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  • Cistercian, byname White Monk, or Bernardine, \n\nmember of a Roman Catholic monastic order that was founded in 1098 and named after the original establishment at Cîteaux (Latin: Cistercium), a locality in Burgundy, near Dijon. The order’s founding fathers, led by St. Robert of Molesme, were a group of Benedictine monks from the abbey of Molesme who were dissatisfied with the relaxed observance of their abbey and desired to live a solitary life under the guidance of the strictest interpretation of the Rule of St. Benedict. Robert was succeeded by St. Alberic and then by St. Stephen Harding, who proved to be the real organizer of the Cistercian rule and order. The new regulations demanded severe asceticism; they rejected all feudal revenues and reintroduced manual labour for monks, making it a principal feature of their life. Communities of nuns adopting the Cistercian customs were founded as early as 1120–30, but they were excluded from the order until about 1200, when the nuns began to be directed, spiritually and materially, by the White Monks.\n\n\n\nCistercian government was based on three features: (1) uniformity—all monasteries were to observe exactly the same rules and customs; (2) general chapter meeting—the abbots of all the houses were to meet in annual general chapter at Cîteaux; (3) visitation—each daughter house was to be visited yearly by the founding abbot, who should ensure the observance of uniform discipline. The individual house preserved its internal autonomy, and the individual monk belonged for life to the house where he made his vows; the system of visitation and chapter provided external means for maintaining standards and enforcing legislation and sanctions.\n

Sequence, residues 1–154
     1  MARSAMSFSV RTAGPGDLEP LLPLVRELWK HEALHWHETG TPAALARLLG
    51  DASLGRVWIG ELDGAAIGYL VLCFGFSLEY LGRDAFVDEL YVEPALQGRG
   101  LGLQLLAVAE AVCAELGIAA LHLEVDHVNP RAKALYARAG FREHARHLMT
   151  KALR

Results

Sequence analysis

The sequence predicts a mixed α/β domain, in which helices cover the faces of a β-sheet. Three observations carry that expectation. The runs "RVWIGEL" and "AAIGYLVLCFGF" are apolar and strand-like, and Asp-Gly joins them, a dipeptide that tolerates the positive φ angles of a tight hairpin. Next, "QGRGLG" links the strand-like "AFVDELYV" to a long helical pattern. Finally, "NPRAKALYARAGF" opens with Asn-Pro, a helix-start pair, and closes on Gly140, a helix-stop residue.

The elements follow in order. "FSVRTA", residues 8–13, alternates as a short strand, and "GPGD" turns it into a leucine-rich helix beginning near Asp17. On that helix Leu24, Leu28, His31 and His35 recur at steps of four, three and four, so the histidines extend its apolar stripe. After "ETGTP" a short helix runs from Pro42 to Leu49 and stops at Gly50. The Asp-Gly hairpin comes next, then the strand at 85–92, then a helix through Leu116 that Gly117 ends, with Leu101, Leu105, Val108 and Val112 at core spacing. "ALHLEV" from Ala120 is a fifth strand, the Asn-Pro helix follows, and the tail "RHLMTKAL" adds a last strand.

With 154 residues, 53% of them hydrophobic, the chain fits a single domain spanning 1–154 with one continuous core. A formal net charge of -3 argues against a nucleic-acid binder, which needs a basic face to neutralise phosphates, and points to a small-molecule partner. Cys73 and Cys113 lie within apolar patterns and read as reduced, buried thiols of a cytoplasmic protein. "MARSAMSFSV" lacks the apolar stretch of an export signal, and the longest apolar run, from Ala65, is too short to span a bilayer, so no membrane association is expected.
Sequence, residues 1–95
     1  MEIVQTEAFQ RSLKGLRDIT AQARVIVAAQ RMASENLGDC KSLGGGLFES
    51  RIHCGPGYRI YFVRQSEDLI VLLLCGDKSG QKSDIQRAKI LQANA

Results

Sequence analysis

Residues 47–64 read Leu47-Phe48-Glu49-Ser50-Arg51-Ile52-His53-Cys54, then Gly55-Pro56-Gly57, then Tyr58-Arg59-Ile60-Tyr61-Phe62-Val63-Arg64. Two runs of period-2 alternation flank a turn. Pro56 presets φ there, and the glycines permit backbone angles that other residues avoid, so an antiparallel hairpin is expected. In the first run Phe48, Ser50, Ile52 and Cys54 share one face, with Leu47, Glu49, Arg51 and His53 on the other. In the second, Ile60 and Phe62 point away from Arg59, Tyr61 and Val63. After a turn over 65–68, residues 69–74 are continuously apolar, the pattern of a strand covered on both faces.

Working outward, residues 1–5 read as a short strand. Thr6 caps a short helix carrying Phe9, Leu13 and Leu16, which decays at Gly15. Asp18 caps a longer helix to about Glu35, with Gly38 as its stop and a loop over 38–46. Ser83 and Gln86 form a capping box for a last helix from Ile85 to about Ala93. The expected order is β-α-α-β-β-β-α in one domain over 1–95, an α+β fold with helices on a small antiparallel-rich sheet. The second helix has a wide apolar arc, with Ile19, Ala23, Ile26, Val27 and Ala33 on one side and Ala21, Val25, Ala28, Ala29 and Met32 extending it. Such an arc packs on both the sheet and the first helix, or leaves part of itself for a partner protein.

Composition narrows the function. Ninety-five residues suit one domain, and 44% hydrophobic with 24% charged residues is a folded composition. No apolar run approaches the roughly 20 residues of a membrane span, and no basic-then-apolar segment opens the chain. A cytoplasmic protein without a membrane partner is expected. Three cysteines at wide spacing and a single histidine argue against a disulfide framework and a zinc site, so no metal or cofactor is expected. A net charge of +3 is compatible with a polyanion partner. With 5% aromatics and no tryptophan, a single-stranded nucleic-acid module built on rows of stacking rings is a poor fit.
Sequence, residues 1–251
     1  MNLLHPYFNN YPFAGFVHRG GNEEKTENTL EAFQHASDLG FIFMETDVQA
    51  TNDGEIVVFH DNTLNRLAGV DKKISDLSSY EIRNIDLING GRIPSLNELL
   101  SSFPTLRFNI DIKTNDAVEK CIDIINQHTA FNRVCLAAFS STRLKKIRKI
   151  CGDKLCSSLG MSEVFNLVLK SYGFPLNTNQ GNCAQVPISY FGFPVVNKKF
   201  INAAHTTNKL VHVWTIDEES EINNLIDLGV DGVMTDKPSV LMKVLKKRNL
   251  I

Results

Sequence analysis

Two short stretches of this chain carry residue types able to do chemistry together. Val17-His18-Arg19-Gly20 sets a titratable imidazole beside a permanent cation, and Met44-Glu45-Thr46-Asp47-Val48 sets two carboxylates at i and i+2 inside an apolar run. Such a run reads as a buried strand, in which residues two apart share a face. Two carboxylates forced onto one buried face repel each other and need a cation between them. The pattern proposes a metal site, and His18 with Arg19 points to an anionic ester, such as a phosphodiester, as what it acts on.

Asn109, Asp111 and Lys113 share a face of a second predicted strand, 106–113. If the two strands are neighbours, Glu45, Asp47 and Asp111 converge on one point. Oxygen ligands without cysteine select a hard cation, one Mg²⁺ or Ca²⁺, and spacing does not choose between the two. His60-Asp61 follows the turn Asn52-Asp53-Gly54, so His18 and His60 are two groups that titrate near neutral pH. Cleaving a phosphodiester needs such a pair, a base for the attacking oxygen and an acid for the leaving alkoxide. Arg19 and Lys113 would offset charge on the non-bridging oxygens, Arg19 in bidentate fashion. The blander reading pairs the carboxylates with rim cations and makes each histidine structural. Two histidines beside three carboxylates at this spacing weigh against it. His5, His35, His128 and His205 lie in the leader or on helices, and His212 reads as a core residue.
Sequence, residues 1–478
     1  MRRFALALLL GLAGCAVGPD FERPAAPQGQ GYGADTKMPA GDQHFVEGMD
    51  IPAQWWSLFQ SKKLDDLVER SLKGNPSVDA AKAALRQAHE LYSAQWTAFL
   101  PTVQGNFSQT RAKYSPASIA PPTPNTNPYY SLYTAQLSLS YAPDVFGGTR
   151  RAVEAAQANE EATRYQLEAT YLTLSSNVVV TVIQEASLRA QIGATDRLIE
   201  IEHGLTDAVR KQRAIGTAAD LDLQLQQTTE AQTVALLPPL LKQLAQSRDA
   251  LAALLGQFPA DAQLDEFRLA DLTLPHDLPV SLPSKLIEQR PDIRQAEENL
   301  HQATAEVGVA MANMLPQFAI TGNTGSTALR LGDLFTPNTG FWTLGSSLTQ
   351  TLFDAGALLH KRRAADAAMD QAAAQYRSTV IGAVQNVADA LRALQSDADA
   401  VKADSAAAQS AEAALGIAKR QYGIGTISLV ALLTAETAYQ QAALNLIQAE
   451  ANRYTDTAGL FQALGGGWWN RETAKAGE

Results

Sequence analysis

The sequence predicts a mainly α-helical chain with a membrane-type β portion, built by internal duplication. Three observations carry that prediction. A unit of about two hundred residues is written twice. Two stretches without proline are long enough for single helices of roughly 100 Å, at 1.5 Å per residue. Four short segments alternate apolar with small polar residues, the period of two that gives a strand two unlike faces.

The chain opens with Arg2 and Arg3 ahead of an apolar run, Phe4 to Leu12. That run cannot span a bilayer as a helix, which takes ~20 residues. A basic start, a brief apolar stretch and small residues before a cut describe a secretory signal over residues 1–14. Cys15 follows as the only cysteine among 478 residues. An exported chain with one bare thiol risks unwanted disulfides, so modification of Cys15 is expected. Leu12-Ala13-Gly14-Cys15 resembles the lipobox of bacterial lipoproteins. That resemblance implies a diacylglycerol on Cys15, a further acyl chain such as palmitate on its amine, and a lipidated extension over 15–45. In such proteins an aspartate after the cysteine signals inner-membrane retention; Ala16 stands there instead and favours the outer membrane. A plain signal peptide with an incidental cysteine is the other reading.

• Cistercian, byname White Monk, or Bernardine, \n\nmember of a Roman Catholic monastic order that was founded in 1098 and named after the original establishment at Cîteaux (Latin: Cistercium), a locality in Burgundy, near Dijon. The order’s founding fathers, led by St. Robert of Molesme, were a group of Benedictine monks from the abbey of Molesme who were dissatisfied with the relaxed observance of their abbey and desired to live a solitary life under the guidance of the strictest interpretation of the Rule of St. Benedict. Robert was succeeded by St. Alberic and then by St. Stephen Harding, who proved to be the real organizer of the Cistercian rule and order. The new regulations demanded severe asceticism; they rejected all feudal revenues and reintroduced manual labour for monks, making it a principal feature of their life. Communities of nuns adopting the Cistercian customs were founded as early as 1120–30, but they were excluded from the order until about 1200, when the nuns began to be directed, spiritually and materially, by the White Monks.\n\n\n\nCistercian government was based on three features: (1) uniformity—all monasteries were to observe exactly the same rules and customs; (2) general chapter meeting—the abbots of all the houses were to meet in annual general chapter at Cîteaux; (3) visitation—each daughter house was to be visited yearly by the founding abbot, who should ensure the observance of uniform discipline. The individual house preserved its internal autonomy, and the individual monk belonged for life to the house where he made his vows; the system of visitation and chapter provided external means for maintaining standards and enforcing legislation and sanctions.\n